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Newman (1977) classified the languages into the four groups which have been accepted in all subsequent literature. Further subbranching, however, has not been as robust; Blench (2006), for example, only accepts the A/B bifurcation of East Chadic.Kujargé has been added from Blench (2008), who suggests Kujargé may have split off before the breakup of Proto-Chadic and then subsequently became influenced by East Chadic. Subsequent work by Lovestrand argues strongly that Kujarge is a valid member of East Chadic. The placing of Luri as a primary split of West Chadic is erroneous. Caron (2004) shows that this language is South Bauchi and part of the Polci cluster.
A chart of the Chadic branch of the Afroasiatic languages.
Main Chadic-speaking peoples in Nigeria.
Hausa-speaking areas in Nigeria and Niger.
Several modern genetic studies of Chadic speaking groups in the northern Cameroon region have observed high frequencies of the Y-ChromosomeHaplogroup R1b in these populations (exclusively, of R1b's R1b-V88-Y7771 variant). This paternal marker is common in parts of West Eurasia, but otherwise rare in Africa. Cruciani et al. (2010) thus propose that the Proto-Chadic speakers during the mid-Holocene (~7,000 years ago) migrated from the Levant to the Central Sahara, and from there settled in the Lake Chad Basin. However, they have the common ancestor with Sardinians less than 6000 years ago, and V88 was found in a 14,000-year-old skeleton in North Italy, which is near the time of V88 formation.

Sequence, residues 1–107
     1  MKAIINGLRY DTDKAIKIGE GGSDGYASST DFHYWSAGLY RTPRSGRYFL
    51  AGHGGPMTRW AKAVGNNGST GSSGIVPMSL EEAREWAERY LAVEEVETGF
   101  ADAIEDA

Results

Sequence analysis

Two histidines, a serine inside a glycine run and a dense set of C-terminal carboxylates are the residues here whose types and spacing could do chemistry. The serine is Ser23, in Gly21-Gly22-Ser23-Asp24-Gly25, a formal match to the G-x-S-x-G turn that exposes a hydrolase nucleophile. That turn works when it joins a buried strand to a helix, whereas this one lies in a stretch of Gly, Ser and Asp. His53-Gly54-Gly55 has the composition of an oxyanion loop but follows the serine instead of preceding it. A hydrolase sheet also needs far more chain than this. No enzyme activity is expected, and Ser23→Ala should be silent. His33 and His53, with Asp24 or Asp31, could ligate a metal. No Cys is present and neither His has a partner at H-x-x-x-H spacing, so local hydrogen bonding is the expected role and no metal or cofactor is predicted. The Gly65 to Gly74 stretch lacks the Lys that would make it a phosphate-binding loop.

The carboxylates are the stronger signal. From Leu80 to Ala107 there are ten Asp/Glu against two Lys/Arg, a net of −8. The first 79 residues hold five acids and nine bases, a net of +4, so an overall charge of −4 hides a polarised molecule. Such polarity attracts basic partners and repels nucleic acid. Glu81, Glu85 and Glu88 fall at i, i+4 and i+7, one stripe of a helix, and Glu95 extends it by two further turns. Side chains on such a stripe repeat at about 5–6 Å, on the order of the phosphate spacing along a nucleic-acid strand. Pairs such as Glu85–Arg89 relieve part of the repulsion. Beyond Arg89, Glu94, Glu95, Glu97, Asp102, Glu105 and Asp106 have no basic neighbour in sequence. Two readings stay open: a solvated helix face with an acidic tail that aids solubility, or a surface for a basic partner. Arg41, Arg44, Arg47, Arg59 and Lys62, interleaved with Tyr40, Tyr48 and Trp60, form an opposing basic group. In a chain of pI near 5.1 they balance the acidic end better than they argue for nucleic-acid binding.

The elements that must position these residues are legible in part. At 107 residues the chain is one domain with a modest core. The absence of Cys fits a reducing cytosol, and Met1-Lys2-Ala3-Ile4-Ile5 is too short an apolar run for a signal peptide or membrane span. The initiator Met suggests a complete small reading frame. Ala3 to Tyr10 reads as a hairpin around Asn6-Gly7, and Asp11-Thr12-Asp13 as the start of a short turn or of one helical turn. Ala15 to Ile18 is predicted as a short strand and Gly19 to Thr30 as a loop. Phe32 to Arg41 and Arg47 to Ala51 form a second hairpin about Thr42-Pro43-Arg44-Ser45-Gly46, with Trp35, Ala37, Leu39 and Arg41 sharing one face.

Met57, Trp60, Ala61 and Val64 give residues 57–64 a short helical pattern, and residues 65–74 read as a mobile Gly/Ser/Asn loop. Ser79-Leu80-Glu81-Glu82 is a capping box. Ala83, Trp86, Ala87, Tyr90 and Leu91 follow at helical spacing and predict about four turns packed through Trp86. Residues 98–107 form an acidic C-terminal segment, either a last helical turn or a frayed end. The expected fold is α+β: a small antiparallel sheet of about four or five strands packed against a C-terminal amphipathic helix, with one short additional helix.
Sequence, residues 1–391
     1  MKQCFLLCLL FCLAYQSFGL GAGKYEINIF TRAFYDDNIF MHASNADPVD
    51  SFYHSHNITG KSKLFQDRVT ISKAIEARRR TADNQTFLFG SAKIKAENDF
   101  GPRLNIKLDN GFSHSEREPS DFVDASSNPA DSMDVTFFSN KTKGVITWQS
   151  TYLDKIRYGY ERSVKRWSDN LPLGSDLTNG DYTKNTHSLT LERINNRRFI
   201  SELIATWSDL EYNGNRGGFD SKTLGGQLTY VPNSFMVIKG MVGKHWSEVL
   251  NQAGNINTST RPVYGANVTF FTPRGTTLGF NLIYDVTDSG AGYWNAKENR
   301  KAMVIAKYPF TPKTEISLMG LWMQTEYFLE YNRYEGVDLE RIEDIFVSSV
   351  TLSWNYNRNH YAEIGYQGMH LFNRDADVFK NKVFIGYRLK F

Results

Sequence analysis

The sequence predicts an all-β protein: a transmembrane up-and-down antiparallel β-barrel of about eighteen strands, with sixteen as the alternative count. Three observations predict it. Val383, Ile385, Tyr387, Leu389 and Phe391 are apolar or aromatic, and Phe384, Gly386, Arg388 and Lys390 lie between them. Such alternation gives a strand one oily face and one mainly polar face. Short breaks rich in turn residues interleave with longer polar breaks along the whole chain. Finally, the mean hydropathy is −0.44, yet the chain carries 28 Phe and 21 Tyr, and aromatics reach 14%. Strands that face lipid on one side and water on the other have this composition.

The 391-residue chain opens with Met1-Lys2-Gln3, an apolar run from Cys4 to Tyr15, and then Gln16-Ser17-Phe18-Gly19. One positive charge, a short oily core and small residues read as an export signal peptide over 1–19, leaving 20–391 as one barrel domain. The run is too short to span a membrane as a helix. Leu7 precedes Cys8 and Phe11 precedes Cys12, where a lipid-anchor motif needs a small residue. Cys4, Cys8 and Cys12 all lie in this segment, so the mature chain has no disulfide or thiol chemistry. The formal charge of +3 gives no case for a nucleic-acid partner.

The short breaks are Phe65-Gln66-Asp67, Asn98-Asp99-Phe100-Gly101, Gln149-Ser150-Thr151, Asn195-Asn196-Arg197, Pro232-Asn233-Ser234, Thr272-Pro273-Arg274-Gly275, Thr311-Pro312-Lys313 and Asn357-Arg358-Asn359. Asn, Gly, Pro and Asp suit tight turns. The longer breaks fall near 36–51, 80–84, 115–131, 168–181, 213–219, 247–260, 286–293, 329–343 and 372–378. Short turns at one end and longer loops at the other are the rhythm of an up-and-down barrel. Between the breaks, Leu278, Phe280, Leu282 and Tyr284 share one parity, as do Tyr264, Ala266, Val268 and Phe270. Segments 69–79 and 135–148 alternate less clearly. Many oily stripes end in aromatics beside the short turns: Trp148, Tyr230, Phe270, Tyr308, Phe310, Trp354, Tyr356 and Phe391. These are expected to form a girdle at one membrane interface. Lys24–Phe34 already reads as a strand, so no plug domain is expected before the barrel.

Chadic languages contain many Nilo-Saharan loanwords from either the Songhay or Maban branches, pointing to early contact between Chadic and Nilo-Saharan speakers as Chadic was migrating west.
Although Adamawa languages are spoken adjacently to Chadic languages, interaction between Chadic and Adamawa is limited.
Caron, Bernard 2004. Le Luri: quelques notes sur une langue tchadique du Nigeria. In: Pascal Boyeldieu & Pierre Nougayrol (eds.), Langues et Cultures: Terrains d'Afrique. Hommages à France Cloarec-Heiss (Afrique et Langage 7). 193-201. Louvain-Paris: Peeters.
Lukas, Johannes (1936) 'The linguistic situation in the Lake Chad area in Central Africa.' Africa, 9, 332–349.
Newman, Paul and Ma, Roxana (1966) 'Comparative Chadic: phonology and lexicon.' Journal of African Languages, 5, 218–251.
Newman, Paul (1977) 'Chadic classification and reconstructions.' Afroasiatic Linguistics 5, 1, 1–42.
Newman, Paul (1978) 'Chado-Hamitic 'adieu': new thoughts on Chadic language classification', in Fronzaroli, Pelio (ed.), Atti del Secondo Congresso Internazionale di Linguistica Camito-Semitica. Florence: Instituto de Linguistica e di Lingue Orientali, Università di Firenze, 389–397.
Newman, Paul (1980) The Classification of Chadic within Afroasiatic. Leiden: Universitaire Pers Leiden.
Herrmann Jungraithmayr, Kiyoshi Shimizu: Chadic lexical roots. Reimer, Berlin 1981.
Schuh, Russell (2003) 'Chadic overview', in M. Lionel Bender, Gabor Takacs, and David L. Appleyard (eds.), Selected Comparative-Historical Afrasian Linguistic Studies in Memory of Igor M. Diakonoff, LINCOM Europa, 55–60.
^Hammarström, Harald; Forkel, Robert; Haspelmath, Martin, eds. (2017). "Chadic". Glottolog 3.0. Jena, Germany: Max Planck Institute for the Science of Human History.
^Ehret, Christopher. 2006. The Nilo-Saharan background of Chadic. In P. Newman and L. M. Hyman (eds), West African linguistics: studies in honor of Russell G. Schuh, pp. 56-66. Studies in African Linguistics Suppl. 11. Columbus: Ohio University Press.
^Blench, Roger. 2012. Linguistic evidence for the chronological stratification of populations South of Lake Chad. Presentation for Mega-Tchad Colloquium in Naples, September 13-15, 2012.